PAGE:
- The same goes for Descartes, the other leading substance dualist. His argument for the soul begins with his “foundational belief” that “I think therefore I am” from which he extrapolates that “I” am primarily what thinks… being a mind and not a brain. Norman Malcolm identified the weakness of Descartes position when he wrote “If it were valid to argue ‘I can doubt that my body exists but not that I exist, ergo I am not my body’, it would be equally valid to argue ‘I can doubt that there exists a being whose essential nature is to think, but I cannot doubt that I exist, ergo I am not a being whose essential nature is to think’. Descartes is hoist with his own petard.” Further, even Descartes suggested that the brain must contain a seat of the soul, where the mind joins the body. His suggestion that this was the Pineal Gland, just because it is shaped like a third inner eye, betrays the unscientific nature of his argument. Although Popper and Eccles presented a modern version of Descartes substance dualism in Critical Dualism, suggesting that the seat of the soul is in the frontal lobes of the brain and not the pineal gland, their position still fails to attract scientific support. As Dennett said, dualism smacks of mysticism and magic and amounts to “giving up” on science.
In these ways also, it is fair to say that there is no such thing as a soul.
On the other hand, Popper also suggested that World Three amounts to empirical evidence for the existence of World Two – the human mind. The fact that great works of art, literature, architecture exist is material proof of the existence of the minds that gave them shape. It may be that the mind is not separate or separable from the brain or body, but that does not mean that it does not exist when its products are evident all around us, including on this page. Further, HH Price and Peter Vardy argue that the existence of the soul could make sense of the full human experience, which includes dreams and paranormal experiences. Surely it is unscientific to dismiss all those aspects of the human experience which can’t be adequately explained without a separate soul, just because they point to the existence of a soul which can’t otherwise be evidenced? Nevertheless, neither of these arguments for a soul are credible. Popper’s World Three could just as well serve as evidence that human brains have amazing computational power. When a computer generates complex, unique products like Bitcoins, nobody speculates that the products are evidence that there is something in the computer that might survive if it was unplugged and disassembled! As Ryle would have said, this is like the myth of the “ghost in the machine” – better evidence for lazy thinking and superstition than it is for the soul. Further, dreams and paranormal experiences have been investigated by Blackmore and can be explained in terms of (ab)normal brain activity, mistakenly interpreted, or as fakes. The fact that even when there are credible scientific explanations of such phenomena people still want to believe in the existence of a soul, and that belief in a soul remains so “sticky”, supports Dawkins suggestion that it is a meme or virus of the mind. We find it easier to believe in a soul than to accept that we are “blind robot vehicles for those selfish molecules known as genes.” Yet wishful thinking is no basis to believe that something exists, so there is no such thing as the soul.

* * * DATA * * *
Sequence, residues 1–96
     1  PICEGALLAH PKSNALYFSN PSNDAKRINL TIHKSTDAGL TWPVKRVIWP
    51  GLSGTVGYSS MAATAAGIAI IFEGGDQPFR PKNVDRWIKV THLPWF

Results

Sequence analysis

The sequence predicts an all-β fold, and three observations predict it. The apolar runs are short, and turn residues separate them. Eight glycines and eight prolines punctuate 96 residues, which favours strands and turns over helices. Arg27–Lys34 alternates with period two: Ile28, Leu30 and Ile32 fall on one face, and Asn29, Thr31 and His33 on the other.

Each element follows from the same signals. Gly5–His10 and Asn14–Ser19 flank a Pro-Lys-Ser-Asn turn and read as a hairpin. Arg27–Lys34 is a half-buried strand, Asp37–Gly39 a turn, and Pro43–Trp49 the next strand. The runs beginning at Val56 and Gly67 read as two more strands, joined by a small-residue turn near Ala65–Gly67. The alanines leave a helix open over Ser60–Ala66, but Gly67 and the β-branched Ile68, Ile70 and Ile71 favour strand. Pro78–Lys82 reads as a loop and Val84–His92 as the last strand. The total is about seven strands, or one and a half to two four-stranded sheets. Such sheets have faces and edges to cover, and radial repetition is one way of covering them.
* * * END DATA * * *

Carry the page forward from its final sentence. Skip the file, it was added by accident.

In conclusion, there is no such thing as a soul. Ryle, Blackmore and Dawkins were correct when they identified the origins of belief in the soul as a “category mistake”, a metaphor and a meme. What we feel when we think, the sense that “I” am not my body and the “me” that seems to stay the same as I age… these sensations are the products of the material operations of the brain, just as works of art and architecture are.
[40 minutes, A Level notes]